Cameron Roberts (piano)
Goldberg Variations (Bach)
Cameron Roberts (piano)
MOVE MCD 309
reviewed by Neville Cohn
MCD404 is one of the most satisfying recordings I’ve heard in some time. It brims with good things.
All the transcriptions on this CD are by Cameron Roberts himself. Certainly, he shapes to the demands of whatever he plays like fine wine to a goblet. His taste is impeccable, his physical command of the piano is remarkable. Refinement of style informs every moment of this recording.
Vivaldi’s Summer from The Four Seasons is a high point of this collection with Roberts working wonders with this much loved work. Magically silvery tone in the high treble informs the second movement which is transcribed and played with such artistry as to assume an identity that is quite unique and able to stand proudly in its own right. At its most extrovert, the playing has a Lisztian grandeur.
Roberts’ version of Rachmaninov’s song How Beautiful it is Here! is given marvellously lyrical treatment, each note clothed in gorgeous cantabile tone. The same composer’s The Morn of Life, Sleep is a model of introspection.
Is there a more hackneyed work in the American canon than Gershwin’s Rhapsody in Blue? Here, though, Roberts demonstrates a mastery of style and an heroic physical command of the instrument which, at climaxes, generates massive waves of noble sound. Bravo!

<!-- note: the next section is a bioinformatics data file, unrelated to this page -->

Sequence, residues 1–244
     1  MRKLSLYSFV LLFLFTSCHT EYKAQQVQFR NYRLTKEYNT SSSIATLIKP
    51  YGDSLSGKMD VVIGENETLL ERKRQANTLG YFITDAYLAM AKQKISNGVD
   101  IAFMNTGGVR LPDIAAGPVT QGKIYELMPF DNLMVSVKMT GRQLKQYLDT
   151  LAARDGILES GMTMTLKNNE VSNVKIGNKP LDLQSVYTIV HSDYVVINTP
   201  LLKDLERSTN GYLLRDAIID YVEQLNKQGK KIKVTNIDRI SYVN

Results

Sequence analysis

The Largo ma no tanto from Bach’s Concerto for two violins is another gem which leaves little doubt that Roberts is a born Bach interpreter; this offering cannot be faulted.
Tchaikowsky’s 1812 overture runs for more than a quarter hour – and every moment of it makes for thrilling listening.
This compilation is a stunningly fine example of the transcriber’s art.
ROBERTS is in Olympian form in Bach’s Goldberg Variations which comes across as a chaplet of near-faultlessly fashioned pianistic gems. Variation 8, for instance, has a delightfully spiky, buoyant quality, Variation 10 is memorable for its emphatic rhythms – and there’s a wondrous clarity and control in Variation 11. Variation 12 is in the best sense danceable – and the bold, abruptly peremptory quality of Variation 16 could hardly have been bettered. A dainty, graceful account of Variation 17 makes for sheerly beautiful listening – and the intricate delicacy of Roberts playing in the20th variation calls finest Brussels lace to mind.
There’s no lack of virtuosity when called for: Variation 23 is given refreshingly forthright treatment – and Variation 23 is informed by fantastic agility and precision. Variation 30, though, calls for a more paean-like quality.
A bonus takes the form of three transcriptions of Bach originals: Aus liebe from the St Matthew Passion comes across as an essay in achingly poignant terms – and the darkly bodeful despair that is the essence of Es ist Vollbracht from the St John Passion is as much an instance of the transcribers art at its highest as it is a profoundly probing interpretation.